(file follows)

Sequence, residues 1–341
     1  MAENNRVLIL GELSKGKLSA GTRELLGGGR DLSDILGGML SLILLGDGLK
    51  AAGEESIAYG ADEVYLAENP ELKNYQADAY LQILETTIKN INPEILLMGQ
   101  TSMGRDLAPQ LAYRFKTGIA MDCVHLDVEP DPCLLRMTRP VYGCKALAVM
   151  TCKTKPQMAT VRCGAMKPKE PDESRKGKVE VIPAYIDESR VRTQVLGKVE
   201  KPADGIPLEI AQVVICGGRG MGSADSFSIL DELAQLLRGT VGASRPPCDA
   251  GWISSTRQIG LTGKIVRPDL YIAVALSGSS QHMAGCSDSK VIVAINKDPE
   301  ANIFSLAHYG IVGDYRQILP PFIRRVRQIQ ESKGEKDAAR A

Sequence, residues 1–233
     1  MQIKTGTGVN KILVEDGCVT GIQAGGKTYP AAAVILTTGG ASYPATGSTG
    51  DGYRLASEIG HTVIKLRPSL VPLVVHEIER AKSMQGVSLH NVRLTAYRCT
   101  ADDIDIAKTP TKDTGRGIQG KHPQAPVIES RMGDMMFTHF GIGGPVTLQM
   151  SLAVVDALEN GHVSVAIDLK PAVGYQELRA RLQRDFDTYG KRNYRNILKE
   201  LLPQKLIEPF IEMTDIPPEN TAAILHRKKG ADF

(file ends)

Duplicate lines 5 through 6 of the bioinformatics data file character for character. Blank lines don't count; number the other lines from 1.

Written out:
   151  TCKTKPQMAT VRCGAMKPKE PDESRKGKVE VIPAYIDESR VRTQVLGKVE
   201  KPADGIPLEI AQVVICGGRG MGSADSFSIL DELAQLLRGT VGASRPPCDA